Saturday, October 7, 2017

Wales and Ireland

My husband and I took another trip to Europe as a follow-on to last years trip to England and Scotland.  This year it was to learn about woman saints who lived in and changed lives in Wales and Ireland.  We started in Cardiff, traveled around Wales for a week, then took the largest ferry I've ever seen; traveled throughout the south of Ireland, returning home via Dublin.
The Irish sea takes a long time to cross even with a ferry that can hold large buses and giant trucks.  Our largest ferry is very small compared to these cavernous beasts!

I'm always impressed at the history and beauty of the countries we have visited.  The sites we were following were from the 5th to 9th century.  The women saints were St. Non, Brigid and Melengell.  St. Non was the mother of St. David, whose incredibly beautiful cathedral we first visited in Pembrokeshire.  
While wandering toward St. Non's church (lost again), I came across three young boys between the ages of 7 thru 10 and their dog.   One was wearing a tiger costume, the other two were definitely leaders and did their best to help me find my way, ending up walking me the whole way.  By this time I was having foot problems and couldn't walk very fast.  It was sad to miss the walk along the cliffs overlooking the sea near St. Nons.

St. Melengell (Pennant Melangell) was the first woman to provide sanctuary for politically threatened citizens.  She started by protecting the wildlife where she was living in the woods, gained the respect of the Prince and was given the area to build a Monastery (church)?

Brigid founded a religious order for women, became the Abbess of a dual monastery and was believed to be appointed a Bishop of Kildare.
I missed the details of a lot of these stories because I was off and running when we arrived at a site to try and make a meaningful sketch.  
This sketch of Brigid's well appealed to me because it was in a beautiful natural setting, undisturbed by the surrounding farm.  Brigid's sculpture was sketched at the Solas Bhride Centre in Kildare.  This modern center is run by Catholic nuns and volunteers.  I was so impressed with the beautiful modern design it was hard to concentrate on sketching the statue outside.

Round towers like Monasterboyce and Clonmacnoise were built to save people and treasure during a Viking raid.  The access was by a ladder at least ten feet above ground,  which was then pulled up and in for protection during a raid.

The round tower at Clonmacnoise was the top of a larger tower which over time fell off, then restored as this smaller version.  It was a rainy day and I found a quiet enclosed, very modern, glass-walled structure where I set up my sketching supplies to make a painting of the tower.  In the middle of the sketch, a group of Phillipino parishioners and their priest came into this building and talked about history and then started praying!  I didn't know if I should stay or go but decided to finish.  They eventually stopped and then gathered around me to see what I was working on.  It turned out I had set up my work on the Altar!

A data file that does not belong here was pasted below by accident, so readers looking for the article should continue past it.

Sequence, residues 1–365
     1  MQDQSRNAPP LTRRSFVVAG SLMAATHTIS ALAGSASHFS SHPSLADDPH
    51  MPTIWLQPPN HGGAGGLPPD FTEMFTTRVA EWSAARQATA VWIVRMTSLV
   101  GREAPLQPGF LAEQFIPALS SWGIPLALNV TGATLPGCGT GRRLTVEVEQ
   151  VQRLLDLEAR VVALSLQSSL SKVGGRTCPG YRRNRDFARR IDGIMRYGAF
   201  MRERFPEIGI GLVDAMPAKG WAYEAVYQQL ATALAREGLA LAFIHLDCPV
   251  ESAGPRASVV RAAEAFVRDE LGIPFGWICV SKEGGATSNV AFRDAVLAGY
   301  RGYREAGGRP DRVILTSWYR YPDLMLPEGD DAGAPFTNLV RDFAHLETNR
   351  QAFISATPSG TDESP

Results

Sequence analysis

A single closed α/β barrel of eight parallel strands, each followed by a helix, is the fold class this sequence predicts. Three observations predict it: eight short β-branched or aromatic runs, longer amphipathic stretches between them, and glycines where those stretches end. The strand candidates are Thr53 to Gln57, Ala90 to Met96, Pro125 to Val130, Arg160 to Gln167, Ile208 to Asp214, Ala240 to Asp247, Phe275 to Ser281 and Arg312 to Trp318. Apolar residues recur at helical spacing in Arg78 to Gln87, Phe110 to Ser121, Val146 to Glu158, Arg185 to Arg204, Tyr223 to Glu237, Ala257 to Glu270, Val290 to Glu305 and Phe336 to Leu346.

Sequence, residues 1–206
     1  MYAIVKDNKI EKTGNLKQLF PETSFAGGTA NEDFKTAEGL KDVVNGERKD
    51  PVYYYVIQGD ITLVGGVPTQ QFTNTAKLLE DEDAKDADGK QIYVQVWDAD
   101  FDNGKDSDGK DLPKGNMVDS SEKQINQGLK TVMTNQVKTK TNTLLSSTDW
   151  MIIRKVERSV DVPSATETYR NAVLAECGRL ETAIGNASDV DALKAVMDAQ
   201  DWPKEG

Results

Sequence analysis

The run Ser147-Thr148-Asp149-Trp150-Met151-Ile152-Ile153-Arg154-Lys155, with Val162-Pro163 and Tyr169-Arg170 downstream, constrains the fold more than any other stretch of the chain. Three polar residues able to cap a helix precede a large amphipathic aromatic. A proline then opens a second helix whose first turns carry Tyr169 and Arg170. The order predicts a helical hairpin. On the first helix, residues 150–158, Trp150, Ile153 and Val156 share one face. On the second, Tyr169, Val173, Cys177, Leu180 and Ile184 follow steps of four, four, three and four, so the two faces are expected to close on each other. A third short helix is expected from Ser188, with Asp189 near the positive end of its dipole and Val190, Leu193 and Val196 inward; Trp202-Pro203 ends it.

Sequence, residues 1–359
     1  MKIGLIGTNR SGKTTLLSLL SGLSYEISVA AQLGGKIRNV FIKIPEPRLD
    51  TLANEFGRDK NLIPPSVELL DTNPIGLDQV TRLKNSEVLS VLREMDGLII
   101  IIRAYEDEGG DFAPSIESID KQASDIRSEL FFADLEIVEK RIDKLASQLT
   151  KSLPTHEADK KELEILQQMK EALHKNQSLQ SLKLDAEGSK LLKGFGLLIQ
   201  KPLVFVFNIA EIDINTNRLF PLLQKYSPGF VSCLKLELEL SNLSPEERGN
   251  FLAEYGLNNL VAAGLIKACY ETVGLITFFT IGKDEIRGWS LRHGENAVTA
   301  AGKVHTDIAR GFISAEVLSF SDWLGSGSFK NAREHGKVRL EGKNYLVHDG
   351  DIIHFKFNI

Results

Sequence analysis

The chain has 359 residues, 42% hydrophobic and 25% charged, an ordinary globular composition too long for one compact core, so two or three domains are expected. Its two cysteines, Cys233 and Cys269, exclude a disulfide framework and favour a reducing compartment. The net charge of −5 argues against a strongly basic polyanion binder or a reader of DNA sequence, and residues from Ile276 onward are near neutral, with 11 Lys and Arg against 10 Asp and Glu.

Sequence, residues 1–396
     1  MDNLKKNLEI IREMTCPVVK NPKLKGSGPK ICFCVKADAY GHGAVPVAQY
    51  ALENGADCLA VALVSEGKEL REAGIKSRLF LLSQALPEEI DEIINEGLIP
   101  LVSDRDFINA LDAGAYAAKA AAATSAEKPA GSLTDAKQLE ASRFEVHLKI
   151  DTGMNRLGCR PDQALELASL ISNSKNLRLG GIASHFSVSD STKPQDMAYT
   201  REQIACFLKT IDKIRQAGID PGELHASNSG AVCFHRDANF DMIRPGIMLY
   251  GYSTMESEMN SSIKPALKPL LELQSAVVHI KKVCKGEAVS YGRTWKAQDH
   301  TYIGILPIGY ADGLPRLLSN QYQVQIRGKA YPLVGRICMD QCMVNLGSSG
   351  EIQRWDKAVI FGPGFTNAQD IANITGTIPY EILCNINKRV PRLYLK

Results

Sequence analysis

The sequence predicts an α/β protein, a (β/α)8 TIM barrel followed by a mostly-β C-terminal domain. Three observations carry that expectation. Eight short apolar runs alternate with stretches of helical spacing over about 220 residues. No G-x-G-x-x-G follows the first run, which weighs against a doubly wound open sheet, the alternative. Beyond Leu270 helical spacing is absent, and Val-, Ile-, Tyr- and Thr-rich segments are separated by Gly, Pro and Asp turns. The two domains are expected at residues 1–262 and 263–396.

Round tower at Monasterboyce, was a quick sketch in a small book set up on top of a gravestone.  I could see everyone listening to the history about large Celtic crosses and learned later that stone crosses were built to keep the Vikings from stealing the wooden crosses and burning them.

My favorite location was the Monastic city in Glendalough via the Wicklow mountains. We arrived later in the afternoon and wandered across the street to get familiar with our location.  It was late enough that the sun was low in the sky and raindrops were putting a sparkle on everything.  The cemetery was crowded with crosses and stones, it was unkempt and wild underfoot - like walking deer trails here at home.  It felt like it had always been that way, even in the 8th century.  I was surrounded by beautiful ruins, crosses, huge trees and another round tower; it was as if I had crossed into a different century.

What I haven't mentioned:  Newgrange, Trinity College Dublin, St. Govan's head.  That will be in the next post along with a few more pictures and sketches.
St Brigid's Well, surrounded by farmland

Restored round tower at Clonmacnoise near Boyne Valley, Wales

Round tower at Monasterboyce

Look left at Kevins church and right toward a round tower (Monastic City, Glendalough, Ire.)
View of the crucifix hanging from the decorative woodwork at St. Davids
Also, small sculptures in the Treasury.  (Watersoluble walnut ink)
More decorative woodwork & stone sculptures memorializing St. Mellengell
who stood up to the Prince by hiding rabbits under her cloak.  He admired her and
gave her land to build a church that became a sanctuary for endangered citizens.
Bangor Wales, we caught the Irish ferry from here.

Newport, Pembrokeshire Wales, the best chocolate ever!

Snowdonia National Park through the restaurant window
 overlooking the Park.  What I would give to wander those hills!

St. Brigid - Solas Bhride Centre

St. Davids Cathedral, Pembrokeshire Wales
The upper sketch was made while listening to the choir practice! 

St. Mary's church for just women - part of the Monastic City

Overlooking the Irish Sea

St Seriol's well at Penmon Priory Anglesey, Wales

Rainy day in the Cathedral, Monastic City - Glendalough, Ireland

1 comment:

  1. What a lovely watercolor journal from your recent travels, Pat.


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